Animal Production Science Animal Production Science Society
Food, fibre and pharmaceuticals from animals
RESEARCH ARTICLE

Protection of α-amylase from proteolysis by adsorption to feed components in vitro and in the porcine small intestine

Anton M. Pluschke A , Paulus G. M. Jochems B , Barbara A. Williams A and Michael J. Gidley A C
+ Author Affiliations
- Author Affiliations

A ARC Centre of Excellence in Plant Cell Walls, Queensland Alliance for Agriculture and Food Innovation, Centre for Nutrition and Food Sciences, The University of Queensland, St Lucia, Brisbane, Qld 4072, Australia.

B NUTRIM School of Nutrition and Translational Research in Metabolism, Maastricht University Medical Centre+, Maastricht, The Netherlands.

C Corresponding author. Email: m.gidley@uq.edu.au

Animal Production Science - https://doi.org/10.1071/AN15765
Submitted: 1 November 2015  Accepted: 15 November 2016   Published online: 30 January 2017

Abstract

The interactions between digestive enzymes and non-substrate feed components, and the impacts these have on enzyme activity, have rarely been studied. The aim of the present study was to determine the ability of granular wheat starch and whole porcine diets to protect porcine pancreatic α-amylase from proteolysis by trypsin both in vitro and in vivo. Granular wheat starch protected α-amylase from degradation in vitro by adsorbing trypsin and reducing its proteolytic activity. This protection was also found for a complete pig diet and corresponded to undetectable soluble-trypsin activity in the presence of the diet. Pancreatic α-amylase from small intestinal digesta of pigs was active from the duodenum to the ileum (~200–330 U/mL) irrespective of the addition of a protease inhibitor immediately after sampling, most likely due to binding with other food components protecting it from proteolysis. We conclude that non-specific binding between pancreatic digestive enzymes and food components may be competitive with enzyme–substrate complex formation, and therefore important in determining differences in the rate of digestion of macronutrients along the small intestine.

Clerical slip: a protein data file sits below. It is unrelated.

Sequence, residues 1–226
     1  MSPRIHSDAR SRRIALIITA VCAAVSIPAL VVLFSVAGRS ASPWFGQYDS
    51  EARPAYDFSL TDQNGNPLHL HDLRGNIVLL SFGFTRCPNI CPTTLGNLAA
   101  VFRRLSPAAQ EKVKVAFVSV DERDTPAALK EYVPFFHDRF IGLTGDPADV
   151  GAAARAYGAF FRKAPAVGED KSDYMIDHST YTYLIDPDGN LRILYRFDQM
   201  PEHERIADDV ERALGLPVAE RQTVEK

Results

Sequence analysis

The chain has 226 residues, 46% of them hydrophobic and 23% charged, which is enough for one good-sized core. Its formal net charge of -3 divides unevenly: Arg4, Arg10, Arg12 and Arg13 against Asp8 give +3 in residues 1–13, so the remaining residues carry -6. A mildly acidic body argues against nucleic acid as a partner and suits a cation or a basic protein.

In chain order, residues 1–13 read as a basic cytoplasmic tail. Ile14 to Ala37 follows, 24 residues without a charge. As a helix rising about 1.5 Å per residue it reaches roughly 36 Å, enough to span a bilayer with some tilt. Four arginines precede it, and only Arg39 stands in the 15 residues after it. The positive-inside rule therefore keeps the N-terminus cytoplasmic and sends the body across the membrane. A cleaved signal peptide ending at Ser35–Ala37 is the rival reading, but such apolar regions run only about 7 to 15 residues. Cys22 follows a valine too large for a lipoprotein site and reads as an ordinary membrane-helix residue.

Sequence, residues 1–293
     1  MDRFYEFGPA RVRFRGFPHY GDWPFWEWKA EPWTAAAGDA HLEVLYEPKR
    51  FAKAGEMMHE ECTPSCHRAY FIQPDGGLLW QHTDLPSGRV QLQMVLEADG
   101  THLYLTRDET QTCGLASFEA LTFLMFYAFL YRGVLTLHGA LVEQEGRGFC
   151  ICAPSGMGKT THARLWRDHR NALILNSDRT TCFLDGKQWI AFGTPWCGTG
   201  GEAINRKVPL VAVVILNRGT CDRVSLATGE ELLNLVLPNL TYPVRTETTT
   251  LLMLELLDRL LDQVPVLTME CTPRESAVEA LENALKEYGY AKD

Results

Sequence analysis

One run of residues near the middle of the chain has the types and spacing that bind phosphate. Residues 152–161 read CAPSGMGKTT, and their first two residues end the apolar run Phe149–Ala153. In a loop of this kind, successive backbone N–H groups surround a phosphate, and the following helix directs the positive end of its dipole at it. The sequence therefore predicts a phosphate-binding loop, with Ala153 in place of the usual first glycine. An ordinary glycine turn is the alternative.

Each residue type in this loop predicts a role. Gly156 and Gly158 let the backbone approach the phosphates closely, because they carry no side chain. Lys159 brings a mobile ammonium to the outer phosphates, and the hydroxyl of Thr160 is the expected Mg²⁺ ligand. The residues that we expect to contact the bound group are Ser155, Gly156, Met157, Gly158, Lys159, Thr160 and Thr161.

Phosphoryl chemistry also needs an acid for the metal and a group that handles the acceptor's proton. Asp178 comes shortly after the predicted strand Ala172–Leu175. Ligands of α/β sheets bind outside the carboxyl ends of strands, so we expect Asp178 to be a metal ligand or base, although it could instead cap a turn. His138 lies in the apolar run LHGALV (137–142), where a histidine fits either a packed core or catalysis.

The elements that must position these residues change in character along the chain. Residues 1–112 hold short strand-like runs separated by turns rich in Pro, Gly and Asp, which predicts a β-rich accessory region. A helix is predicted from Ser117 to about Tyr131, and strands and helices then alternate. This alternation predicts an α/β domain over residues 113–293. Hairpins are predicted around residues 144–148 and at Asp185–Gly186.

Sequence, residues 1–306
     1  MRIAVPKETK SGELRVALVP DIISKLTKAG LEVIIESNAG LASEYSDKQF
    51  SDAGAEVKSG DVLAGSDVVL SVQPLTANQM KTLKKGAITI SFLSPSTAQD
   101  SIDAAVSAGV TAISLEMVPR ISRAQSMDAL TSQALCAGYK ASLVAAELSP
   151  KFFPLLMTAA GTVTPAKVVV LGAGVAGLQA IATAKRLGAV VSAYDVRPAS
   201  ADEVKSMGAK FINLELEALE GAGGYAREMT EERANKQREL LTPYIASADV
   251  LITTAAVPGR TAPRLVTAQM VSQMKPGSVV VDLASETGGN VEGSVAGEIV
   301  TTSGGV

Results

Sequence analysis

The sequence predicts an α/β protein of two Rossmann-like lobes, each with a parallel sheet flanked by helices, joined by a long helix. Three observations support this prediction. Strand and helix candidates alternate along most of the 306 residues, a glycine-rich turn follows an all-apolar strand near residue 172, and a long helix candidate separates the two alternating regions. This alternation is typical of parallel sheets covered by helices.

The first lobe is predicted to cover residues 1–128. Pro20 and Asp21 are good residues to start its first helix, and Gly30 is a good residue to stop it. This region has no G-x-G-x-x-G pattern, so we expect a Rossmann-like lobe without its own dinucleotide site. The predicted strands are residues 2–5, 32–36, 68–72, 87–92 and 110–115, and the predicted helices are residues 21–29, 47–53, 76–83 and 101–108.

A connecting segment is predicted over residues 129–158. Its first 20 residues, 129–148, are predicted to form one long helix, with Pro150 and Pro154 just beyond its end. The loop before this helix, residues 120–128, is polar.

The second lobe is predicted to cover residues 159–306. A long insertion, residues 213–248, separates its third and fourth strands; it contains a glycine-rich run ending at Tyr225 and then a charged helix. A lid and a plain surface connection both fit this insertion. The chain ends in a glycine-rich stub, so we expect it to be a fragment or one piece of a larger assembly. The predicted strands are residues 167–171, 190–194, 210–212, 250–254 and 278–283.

Additional keywords: binding, digestive enzymes, granular wheat starch, pigs, trypsin.


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